United States Trying to Entice Allies to Buy V-22 Osprey
Photo: Defense Dept.
FARNBOROUGH, UNITED KINGDOM — The recent award of a multiyear production contract for the V-22 Osprey tiltrotor aircraft could open the door for additional international customers to purchase the platform, a top program official said July 17.
In June the Defense Department awarded manufacturer Bell-Boeing a $4.2 billion fixed-price multiyear contract modification for the production and delivery of 58 Ospreys, including four for the government of Japan.
Japan is currently the only foreign military sales customer for the aircraft, but the head of the V-22 joint program office hopes that more will be signing up soon.
“The beauty here is now … we’ve got the advantage of being able to offer that multiyear pricing, we built into that contract flexible quantities in every year,” Marine Col. Matthew Kelly said during a briefing at the Farnborough International Airshow.
“If there’s any year in that multiyear … an FMS partner wants to buy more aircraft we can go do that,” he added. “It just makes it very attractive we think for foreign military sales to get in while this multiyear is in effect.”
The contract covers fiscal years 2018 through 2022. A letter of acquisition would need to be signed by the end of fiscal year 2020 for a foreign partner to be able to take advantage of the benefits of the multiyear deal, Kelly said.
The Osprey is unique in that it can take off and land vertically like a helicopter but its range, speed and cargo carrying capacity is more on par with a fixed-wing aircraft. It can be used for multiple types of missions including combat assault and amphibious assault, supply, humanitarian assistance and disaster relief, he noted.
“In the Marine Corps we think of it really [as] less of a helicopter and more like a small C-130,” he said.
The current program of record includes 360 V-22s for the Marine Corps, 54 for the Air Force, 48 for the Navy and 17 for Japan.
“We think [the multiyear contract situation is] a great opportunity for folks around the world to really take a look at V-22 and what it can provide,” Kelly said. “We know there are in fact a number of countries that are looking at V-22 right now to fulfill some of their needs.”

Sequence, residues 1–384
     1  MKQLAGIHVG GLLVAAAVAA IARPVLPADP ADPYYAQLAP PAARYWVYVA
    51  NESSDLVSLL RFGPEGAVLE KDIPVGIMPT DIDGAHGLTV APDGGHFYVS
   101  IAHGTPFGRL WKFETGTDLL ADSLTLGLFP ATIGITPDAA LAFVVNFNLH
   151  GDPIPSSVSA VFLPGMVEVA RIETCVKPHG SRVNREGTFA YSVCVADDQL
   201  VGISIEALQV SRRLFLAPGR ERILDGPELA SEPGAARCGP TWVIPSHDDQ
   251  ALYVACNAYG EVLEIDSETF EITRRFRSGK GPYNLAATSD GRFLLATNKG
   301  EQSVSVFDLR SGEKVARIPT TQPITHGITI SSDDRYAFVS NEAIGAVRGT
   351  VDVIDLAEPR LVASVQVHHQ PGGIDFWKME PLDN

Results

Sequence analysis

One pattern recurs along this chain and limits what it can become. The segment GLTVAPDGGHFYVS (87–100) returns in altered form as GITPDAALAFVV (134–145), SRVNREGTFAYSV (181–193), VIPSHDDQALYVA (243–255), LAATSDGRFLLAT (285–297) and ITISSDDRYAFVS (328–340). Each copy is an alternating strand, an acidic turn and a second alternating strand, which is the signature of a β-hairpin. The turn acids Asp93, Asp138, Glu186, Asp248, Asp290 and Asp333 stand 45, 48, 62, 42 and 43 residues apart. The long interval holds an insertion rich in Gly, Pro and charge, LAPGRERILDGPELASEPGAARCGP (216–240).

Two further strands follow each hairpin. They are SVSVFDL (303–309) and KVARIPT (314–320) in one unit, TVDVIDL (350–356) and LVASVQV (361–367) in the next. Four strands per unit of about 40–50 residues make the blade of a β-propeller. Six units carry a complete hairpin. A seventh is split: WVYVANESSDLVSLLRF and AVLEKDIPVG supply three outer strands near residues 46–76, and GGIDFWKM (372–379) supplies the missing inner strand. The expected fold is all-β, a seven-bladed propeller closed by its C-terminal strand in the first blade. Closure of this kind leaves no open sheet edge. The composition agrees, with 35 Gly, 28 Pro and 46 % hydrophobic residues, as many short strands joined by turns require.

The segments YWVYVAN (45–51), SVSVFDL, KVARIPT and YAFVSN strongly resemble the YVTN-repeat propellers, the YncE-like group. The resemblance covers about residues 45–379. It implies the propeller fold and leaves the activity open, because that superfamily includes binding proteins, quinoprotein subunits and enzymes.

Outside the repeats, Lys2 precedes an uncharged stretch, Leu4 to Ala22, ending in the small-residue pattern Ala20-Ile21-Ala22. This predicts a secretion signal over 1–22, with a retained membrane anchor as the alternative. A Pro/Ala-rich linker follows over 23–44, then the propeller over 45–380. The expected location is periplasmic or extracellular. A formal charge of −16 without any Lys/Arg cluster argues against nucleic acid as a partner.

Kelly declined to name all of the nations that are considering purchasing the aircraft, but noted that Israel was close to buying the platform a few years ago before it decided not to pull the trigger. “We’re hopeful that they will continue to show that interest and that we may be able to work something out here within the multiyear,” he said.
The United States has been in close communication with the United Kingdom about potentially acquiring the Osprey, he said. The U.K. is already buying the F-35 joint strike fighter, and the V-22 is the only platform that can fly the fighter’s F-135 engine out to a ship, Kelly noted.
“That logistics support is critical,” he added. “We think that other countries … would be very interested in an aircraft that could fly over 1,000 nautical miles and deliver cargo, troops, support to that ship — whether that’s smaller deck ship or a larger deck ship.”
The Royal Navy will be conducting F-35 trials with the HMS Queen Elizabeth aircraft carrier off the coast of the United States later this fall, and the V-22 will support that effort, Kelly said.
“We believe, frankly, the U.K. has a need for this [Osprey] aircraft,” he said. “We know that that’s up to them but … no other aircraft can provide that speed, versatility and cargo capabilities to support those operations.”
Kelly raised the possibility of a regional logistics support system that could boost local industry in countries that buy the Osprey.
“With Japan we’ve certainly gotten their industry involved in repair and overhaul of the V-22,” he said. “The same kind of setup could work in Europe similar to what’s going on with F-35 right now to involve local industry in that support role for the aircraft, whether that be training, overhaul engine work, those types of things.”